The other two were Thesiger’s favourite companions, bin Kabina and bin Ghabaisha, who are a constant presence in the story. Thesiger was so fond of them that he actually chose to turn to modern technology on one occasion, when it looked as if bin Ghabaisha would miss an expedition because he was visiting family some distance away. Using his diplomatic connections, Thesiger arranged for the young Bedu to be fetched by car and put onto the next plane heading in the right direction, so that he could join them. It was a rather drastic move for a man who was so protective of the traditional Bedu way of life, and I imagine it must have been a rather striking experience for bin Ghabaisha as well. Thesiger clearly looked forward to their company and good humour just as much as he anticipated returning to the desert itself. Perhaps it’s also telling that, when describing the young bin Ghabaisha, he chooses to make a rare classical allusion:
He had a face of classic beauty, pensive and rather sad in repose, but which lit up when he smiled, like a pool touched by the sun. Antinous must have looked like this, I thought, when Hadrian first saw him in the Phrygian woods.
And yet Thesiger is no Hadrian. He is sensitive to personal beauty in the same frank way that he is moved by the beauty of the sands or the austere grandeur of the desert; and, though he evidently has great affection for his two favourites, that’s all it is. He apparently stood aloof from interpersonal relationships of any form (Rory Stewart’s introduction touches on that briefly). Besides, Thesiger reminds us, appearances can be deceiving. Despite bin Ghabaisha’s ephebic looks, he would by the age of twenty be ‘one of the most daring outlaws on the Trucial Coast with half a dozen blood-feuds on his hands‘. (Thesiger makes no effort to hide his admiration.) And indeed, Thesiger’s European appreciation of beauty, in whichever form it comes, was a key cultural difference between himself and the Bedu, who had little time for beauty if it had no functionality. Thesiger remembers admiring a lush landscape, which his Bedu companion dismissed as merely poor grazing; and he contrasts this with his own loathing for the ugly modern buildings going up in the towns, which the Bedu admired as marvels of practicality.
I hadn’t expected to like Thesiger; not that it would have mattered much if I hadn’t liked him, because I was interested by his story rather than by the man himself. However, I’d scarcely started reading before I realised how inextricably linked they were: this is not really a story about a man crossing the desert, but a record of how the desert twined its way into Thesiger’s heart and his deep fondness and respect for the world he found there. More than anything else, this book is a passionate attempt to record a beautiful and noble culture that Thesiger knows is already doomed to vanish. He savours every aspect of Bedu life: their immense, instinctive generosity; their dignity and resilience; their fatalism, loyalty and hospitality.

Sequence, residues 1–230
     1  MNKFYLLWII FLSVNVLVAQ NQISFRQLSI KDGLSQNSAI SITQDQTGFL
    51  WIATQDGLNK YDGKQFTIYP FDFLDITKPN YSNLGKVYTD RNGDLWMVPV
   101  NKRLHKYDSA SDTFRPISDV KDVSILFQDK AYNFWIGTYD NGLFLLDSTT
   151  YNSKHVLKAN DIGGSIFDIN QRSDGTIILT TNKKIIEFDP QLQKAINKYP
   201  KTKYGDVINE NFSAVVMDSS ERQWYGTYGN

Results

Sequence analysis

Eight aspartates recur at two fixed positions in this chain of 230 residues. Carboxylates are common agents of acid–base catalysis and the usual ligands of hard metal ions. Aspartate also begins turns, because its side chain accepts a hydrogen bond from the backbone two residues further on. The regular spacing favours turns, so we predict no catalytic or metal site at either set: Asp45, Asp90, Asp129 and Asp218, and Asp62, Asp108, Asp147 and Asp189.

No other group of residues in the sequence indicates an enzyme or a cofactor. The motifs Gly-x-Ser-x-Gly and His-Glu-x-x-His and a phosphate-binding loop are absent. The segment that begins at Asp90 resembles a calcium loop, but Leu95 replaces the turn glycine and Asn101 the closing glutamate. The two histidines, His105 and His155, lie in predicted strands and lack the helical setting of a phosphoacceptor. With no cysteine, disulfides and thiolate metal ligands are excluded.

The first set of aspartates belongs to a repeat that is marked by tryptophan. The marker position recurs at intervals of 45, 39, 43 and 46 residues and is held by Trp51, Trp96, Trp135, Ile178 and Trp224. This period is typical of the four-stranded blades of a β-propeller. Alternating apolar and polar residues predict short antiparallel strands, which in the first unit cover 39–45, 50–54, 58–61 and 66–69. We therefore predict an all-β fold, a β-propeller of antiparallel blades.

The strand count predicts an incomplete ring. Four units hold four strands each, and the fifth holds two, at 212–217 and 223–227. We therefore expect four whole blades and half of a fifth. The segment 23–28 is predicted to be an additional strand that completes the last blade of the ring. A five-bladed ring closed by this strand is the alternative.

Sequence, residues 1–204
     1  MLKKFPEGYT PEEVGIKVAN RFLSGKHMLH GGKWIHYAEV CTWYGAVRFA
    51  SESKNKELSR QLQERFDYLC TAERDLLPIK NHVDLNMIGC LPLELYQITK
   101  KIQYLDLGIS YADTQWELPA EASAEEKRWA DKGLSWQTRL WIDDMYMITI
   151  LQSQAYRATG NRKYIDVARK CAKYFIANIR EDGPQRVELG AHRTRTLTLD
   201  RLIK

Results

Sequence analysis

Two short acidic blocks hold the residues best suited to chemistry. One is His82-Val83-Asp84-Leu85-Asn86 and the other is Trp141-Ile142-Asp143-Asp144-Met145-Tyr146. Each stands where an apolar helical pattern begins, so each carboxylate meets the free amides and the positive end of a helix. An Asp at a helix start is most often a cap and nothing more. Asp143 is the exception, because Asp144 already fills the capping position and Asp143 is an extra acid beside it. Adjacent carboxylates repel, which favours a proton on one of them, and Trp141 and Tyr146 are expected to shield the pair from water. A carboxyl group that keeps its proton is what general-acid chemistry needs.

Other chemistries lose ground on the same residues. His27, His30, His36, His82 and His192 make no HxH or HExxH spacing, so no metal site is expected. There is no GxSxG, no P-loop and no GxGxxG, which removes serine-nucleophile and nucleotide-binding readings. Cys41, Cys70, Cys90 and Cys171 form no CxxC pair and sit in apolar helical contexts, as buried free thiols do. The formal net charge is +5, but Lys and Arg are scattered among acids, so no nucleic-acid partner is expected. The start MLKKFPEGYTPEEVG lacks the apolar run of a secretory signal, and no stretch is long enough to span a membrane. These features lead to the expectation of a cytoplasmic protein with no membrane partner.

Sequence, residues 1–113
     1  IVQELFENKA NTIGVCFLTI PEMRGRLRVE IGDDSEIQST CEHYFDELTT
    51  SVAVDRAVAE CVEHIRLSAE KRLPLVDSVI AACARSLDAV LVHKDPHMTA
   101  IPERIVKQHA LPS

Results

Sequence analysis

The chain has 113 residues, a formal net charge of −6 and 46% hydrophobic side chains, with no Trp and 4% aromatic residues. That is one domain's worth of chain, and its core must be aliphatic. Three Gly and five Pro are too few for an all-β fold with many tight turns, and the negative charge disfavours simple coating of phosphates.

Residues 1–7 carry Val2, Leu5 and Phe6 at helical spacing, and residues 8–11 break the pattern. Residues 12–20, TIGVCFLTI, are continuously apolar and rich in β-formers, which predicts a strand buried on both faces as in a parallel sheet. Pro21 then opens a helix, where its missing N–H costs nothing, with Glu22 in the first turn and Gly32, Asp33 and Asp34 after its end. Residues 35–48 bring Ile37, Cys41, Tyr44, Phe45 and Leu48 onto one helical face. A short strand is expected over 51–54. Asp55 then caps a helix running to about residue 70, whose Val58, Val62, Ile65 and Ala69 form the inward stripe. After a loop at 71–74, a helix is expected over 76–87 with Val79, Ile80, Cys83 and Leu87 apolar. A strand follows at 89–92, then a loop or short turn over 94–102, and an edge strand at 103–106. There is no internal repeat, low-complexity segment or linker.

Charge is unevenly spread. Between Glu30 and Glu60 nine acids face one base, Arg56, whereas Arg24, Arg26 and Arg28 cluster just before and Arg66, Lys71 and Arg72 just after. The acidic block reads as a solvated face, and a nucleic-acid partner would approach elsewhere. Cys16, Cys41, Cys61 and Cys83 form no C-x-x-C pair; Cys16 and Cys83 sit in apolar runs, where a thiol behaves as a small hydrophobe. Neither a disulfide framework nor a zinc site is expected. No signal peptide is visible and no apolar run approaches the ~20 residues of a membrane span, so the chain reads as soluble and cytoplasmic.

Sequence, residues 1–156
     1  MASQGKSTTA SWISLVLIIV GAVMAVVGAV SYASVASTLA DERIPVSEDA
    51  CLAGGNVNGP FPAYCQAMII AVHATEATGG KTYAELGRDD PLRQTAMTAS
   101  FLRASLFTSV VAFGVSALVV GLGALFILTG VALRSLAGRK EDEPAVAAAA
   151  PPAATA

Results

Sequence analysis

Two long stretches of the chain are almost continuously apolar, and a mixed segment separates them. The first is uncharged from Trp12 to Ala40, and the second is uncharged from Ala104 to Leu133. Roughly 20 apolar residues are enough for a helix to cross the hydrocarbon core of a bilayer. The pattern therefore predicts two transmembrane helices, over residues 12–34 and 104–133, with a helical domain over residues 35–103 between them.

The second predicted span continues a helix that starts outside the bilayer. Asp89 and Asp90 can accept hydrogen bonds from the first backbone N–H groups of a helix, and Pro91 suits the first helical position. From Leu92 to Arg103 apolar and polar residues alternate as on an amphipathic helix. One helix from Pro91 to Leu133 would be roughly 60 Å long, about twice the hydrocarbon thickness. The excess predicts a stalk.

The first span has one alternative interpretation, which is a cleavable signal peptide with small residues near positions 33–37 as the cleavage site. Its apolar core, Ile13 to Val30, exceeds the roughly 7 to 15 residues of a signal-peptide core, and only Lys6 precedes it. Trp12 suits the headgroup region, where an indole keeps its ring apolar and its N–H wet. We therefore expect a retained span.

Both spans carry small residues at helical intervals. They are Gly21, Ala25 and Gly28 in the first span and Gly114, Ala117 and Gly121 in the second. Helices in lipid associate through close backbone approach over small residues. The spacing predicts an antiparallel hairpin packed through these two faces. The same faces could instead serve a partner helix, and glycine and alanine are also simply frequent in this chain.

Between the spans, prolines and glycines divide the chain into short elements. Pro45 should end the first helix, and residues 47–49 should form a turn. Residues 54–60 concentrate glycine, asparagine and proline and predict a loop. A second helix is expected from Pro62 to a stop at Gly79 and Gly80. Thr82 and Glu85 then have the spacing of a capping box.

And he cherishes this so much because, as an outsider, he knows that the first few pebbles have already started to shift on the slope which will become an avalanche and crush this world forever. Agents from oil firms are already scouting along the Arabian coast as Thesiger and his companions cross the wastes of the Empty Quarter. Indeed, by the time Thesiger came to write about his journeys just a few years later, the world he’d seen in Arabia had already begun to crumble.
When he returned to Arabia in 1977, as an honoured guest, he was horrified to see that life had already changed beyond recognition: bin Kabina and bin Ghabaisha’s families used Land Rovers and jeeps to get around; camels were rarely ridden; this way of life which had endured for centuries had disappeared in the course of thirty years. His preface to Arabian Sands, written after this Arabian visit, throbs with almost physical pain at the loss. (The closest I’ve come to the desert was on my trip to Qatar, but that was enough to give me a flavour of the speed of change in the region.)
This edition includes some of Thesiger’s photographs of his companions and the landscapes they crossed, which add further life to an already vivid story. It’s especially interesting to put faces to names. However, if the few plates in the book whet your appetite for more – because Thesiger really was a very good photographer – you can find a wealth of images and other resources on the website of the Pitt Rivers Museum in Oxford, to which he bequeathed his negatives. The site also features biographies of his travelling companions, maps, a bibliography and a list of further archives and depositories. I’m sure there must be some books and exhibition catalogues too. I must investigate. And I have one more Thesiger on my to-read shelf: The Marsh Arabs, which promises to offer a picture of a very different, but equally fascinating way of life.